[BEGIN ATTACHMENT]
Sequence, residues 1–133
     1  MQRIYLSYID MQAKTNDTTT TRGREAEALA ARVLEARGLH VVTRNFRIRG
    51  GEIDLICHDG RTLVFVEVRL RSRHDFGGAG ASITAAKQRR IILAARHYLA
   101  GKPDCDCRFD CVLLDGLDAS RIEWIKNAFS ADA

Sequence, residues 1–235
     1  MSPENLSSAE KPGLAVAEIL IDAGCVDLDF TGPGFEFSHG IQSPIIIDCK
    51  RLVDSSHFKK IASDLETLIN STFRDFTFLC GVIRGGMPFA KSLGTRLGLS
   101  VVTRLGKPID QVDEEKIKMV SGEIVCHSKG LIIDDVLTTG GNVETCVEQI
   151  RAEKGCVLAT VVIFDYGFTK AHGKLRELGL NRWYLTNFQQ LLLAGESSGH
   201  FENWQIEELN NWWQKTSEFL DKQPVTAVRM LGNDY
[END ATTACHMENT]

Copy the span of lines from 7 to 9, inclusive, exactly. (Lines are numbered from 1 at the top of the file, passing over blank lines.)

    51  RLVDSSHFKK IASDLETLIN STFRDFTFLC GVIRGGMPFA KSLGTRLGLS
   101  VVTRLGKPID QVDEEKIKMV SGEIVCHSKG LIIDDVLTTG GNVETCVEQI
   151  RAEKGCVLAT VVIFDYGFTK AHGKLRELGL NRWYLTNFQQ LLLAGESSGH